Marijuana’s Catch-22: Is There No Way for Cannabis to Succeed?

Article by Daily Health America


By most accounts, the marijuana industry is growing like a weed. Since California became the first state to legalize medical cannabis in 1996, two dozen additional states have also legalized medical pot, and four states — Colorado, Washington, Oregon, and Alaska — along with Washington, D.C., have legalized the sale of recreational marijuana.

This is pretty exceptional considering that public support for the nationwide legalization of marijuana stood at just 36% in 2005. Today, according to Gallup’s most recent poll, 60% of Americans approve of the idea of fully legalizing marijuana.

The industry and state governments appear to be benefiting, as well. A recently released financial report from Cowen & Co. estimated that legal pot sales are currently worth $6 billion, with the investment bank predicting that legal sales could explode to $50 billion by 2026. For you math-phobic people, that’s a compounded annual growth rate of nearly 24% over the next decade.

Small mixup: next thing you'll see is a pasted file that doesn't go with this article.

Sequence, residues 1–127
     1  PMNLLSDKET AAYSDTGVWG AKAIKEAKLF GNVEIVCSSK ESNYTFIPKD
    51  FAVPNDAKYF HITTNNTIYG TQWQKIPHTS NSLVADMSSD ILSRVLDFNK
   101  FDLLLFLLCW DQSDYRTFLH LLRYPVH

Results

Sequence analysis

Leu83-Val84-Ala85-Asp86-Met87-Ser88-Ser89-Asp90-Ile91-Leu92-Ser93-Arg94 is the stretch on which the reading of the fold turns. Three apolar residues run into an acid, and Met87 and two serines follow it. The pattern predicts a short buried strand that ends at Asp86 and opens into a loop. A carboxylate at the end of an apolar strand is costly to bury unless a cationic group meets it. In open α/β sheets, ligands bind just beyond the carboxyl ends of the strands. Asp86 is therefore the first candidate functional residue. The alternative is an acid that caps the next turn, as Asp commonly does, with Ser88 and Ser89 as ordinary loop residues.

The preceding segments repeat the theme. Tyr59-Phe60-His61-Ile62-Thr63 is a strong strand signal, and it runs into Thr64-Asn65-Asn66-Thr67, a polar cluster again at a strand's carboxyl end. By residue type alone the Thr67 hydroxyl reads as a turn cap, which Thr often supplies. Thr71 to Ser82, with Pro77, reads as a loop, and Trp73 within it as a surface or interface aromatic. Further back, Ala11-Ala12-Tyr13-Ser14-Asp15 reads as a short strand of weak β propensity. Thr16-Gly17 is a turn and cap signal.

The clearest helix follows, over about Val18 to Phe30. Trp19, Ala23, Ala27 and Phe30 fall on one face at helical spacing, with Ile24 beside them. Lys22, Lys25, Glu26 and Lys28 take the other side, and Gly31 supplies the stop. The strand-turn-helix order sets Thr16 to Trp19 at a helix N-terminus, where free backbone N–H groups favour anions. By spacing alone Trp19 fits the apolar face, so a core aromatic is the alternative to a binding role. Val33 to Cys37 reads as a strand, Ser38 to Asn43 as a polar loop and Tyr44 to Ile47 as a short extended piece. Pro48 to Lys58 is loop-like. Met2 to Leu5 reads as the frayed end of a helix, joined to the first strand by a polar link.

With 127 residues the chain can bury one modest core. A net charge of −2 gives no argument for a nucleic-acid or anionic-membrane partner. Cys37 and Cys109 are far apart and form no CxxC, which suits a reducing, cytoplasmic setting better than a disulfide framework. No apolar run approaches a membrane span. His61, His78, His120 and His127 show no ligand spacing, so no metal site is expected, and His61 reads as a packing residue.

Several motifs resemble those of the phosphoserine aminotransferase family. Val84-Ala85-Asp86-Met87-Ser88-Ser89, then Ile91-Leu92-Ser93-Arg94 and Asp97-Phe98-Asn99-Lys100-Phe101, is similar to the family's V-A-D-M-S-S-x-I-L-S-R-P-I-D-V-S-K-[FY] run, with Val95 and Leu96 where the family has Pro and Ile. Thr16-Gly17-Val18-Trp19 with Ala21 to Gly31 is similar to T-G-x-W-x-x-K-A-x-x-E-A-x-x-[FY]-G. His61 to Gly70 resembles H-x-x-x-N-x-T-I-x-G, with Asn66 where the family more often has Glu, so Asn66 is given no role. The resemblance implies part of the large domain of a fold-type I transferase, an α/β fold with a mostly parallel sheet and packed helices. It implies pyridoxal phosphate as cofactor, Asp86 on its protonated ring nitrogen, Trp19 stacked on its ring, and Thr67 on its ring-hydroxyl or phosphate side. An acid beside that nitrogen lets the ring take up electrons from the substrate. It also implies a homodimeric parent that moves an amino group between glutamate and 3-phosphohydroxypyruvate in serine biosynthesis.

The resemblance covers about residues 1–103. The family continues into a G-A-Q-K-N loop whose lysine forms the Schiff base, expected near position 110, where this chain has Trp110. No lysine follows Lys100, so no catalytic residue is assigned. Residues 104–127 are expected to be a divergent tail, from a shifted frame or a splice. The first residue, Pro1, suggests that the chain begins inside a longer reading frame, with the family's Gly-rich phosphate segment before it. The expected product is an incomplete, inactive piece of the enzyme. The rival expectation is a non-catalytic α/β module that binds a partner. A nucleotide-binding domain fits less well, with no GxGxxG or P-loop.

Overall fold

In Colorado, the government wound up adding $135 million in marijuana tax and licensing revenue to its coffers in 2015, with sales of legal weed topping $1 billion on a trailing 12-month basis. Looking ahead, the November elections will feature nine states voting on a marijuana initiative, five of which are looking to legalize recreational pot.

California, one of the five states voting on recreational cannabis, is of particular importance because the state itself represents the eighth-largest GDP in the world. If approved, California could generate approximately $1 billion in extra revenue per year thanks to recreational marijuana tax revenue.

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